Brands are the Stories We Tell

This neat persona/profile tool by the clever folks over at MIT Media Labs allows you to visually construct your own persona. After you enter your name, it goes off and scours the web for any trace of “you”, sorting and categorising as it goes. Of course, there are bound to be errors as well as insights. Imagine, for example, if you lived in Campbelltown and your name was Seth Godin. You are bound to be swamped in the results by THE Seth Godin. But this tool does, nevertheless, yield some impressive information. In the end you end up with something that resembles Dr Who’s famous intergalactic scarf.

Persona Segments for Gavin HeatonBut what I liked most about this, was not the pretty, segmented ribbon. I loved the way that the “Persona Machine” captured story snippets and analysed them. It captured the stories that OTHERS have told about me – providing insight not into the things I write and my personal interests, but also capturing some sense of the context in which I live – as created by others.

Stories about Gavin Heaton

So then I thought, what happens if we apply this to brands? What stories would flash by as the Persona Machine trawled the web for, say, Coca-Cola? Some of the snippets I noticed include “the history of coca-cola is a story of special moments”, or “Mr Dealer: The 1912 advertising campaign for coca cola is on”.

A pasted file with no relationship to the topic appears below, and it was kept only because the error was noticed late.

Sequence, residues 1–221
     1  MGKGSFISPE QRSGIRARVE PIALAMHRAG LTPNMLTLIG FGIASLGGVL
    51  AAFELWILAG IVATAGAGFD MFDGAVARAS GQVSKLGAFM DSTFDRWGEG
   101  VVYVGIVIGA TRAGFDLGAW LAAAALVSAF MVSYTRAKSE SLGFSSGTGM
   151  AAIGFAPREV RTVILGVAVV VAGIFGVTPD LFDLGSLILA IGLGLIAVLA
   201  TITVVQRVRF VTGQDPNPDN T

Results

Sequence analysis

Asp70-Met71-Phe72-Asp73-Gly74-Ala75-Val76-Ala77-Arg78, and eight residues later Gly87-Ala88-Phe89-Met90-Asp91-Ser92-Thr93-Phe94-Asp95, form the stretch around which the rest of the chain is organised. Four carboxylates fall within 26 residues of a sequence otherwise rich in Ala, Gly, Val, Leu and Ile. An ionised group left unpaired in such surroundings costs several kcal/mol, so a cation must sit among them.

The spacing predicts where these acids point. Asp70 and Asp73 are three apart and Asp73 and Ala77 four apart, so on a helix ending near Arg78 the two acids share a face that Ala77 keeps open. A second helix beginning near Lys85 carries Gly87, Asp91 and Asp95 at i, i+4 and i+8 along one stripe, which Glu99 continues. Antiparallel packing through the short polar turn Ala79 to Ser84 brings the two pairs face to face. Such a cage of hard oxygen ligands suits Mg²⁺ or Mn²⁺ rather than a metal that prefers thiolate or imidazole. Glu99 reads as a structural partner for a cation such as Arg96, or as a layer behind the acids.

Brand Persona Ribbon for Coca-Cola

But while the stories were most interesting on the individual level, it was the aggregated story – the brand persona ribbon – that most intrigued me for Coca-Cola. “Management”, “sports” and “fashion” segment strongly, with “politics” and “aggression” also appearing. It makes me wonder what the detail is underlying this analysis. It makes me think there is work to do on even the most famous of brands. And if that is the case – what appears in your brand persona ribbon?

6 thoughts on “Brands are the Stories We Tell

  1. Whoa! Brilliant find Gavin thanks for that! I am really enjoying all the ways data is being visualized currently and how it makes us feel being able to see a whole picture as a snapshot as opposed to a half remembered moving annual total of our actions.
    Inspirational as always – thanks for sharing 🙂

  2. Hey Gavin, thanks for this, a really clever use of the MIT thing. I think online content analysis could be the soon become the mainstay of research. Tools like the MIT analysis will take the place of brand image tracking, whilst sentiment analysis tools ( take the place of consumer insights research. They all need a bit of fine tuning but things like that seem to happen pretty fast nowadays…

  3. Thanks Tim, I had missed that! There are some excellent tools in that lineup. I would love to get my hands on Sysomos – mostly for curiosity’s sake – but I can imagine researchers would get a lot out of it!

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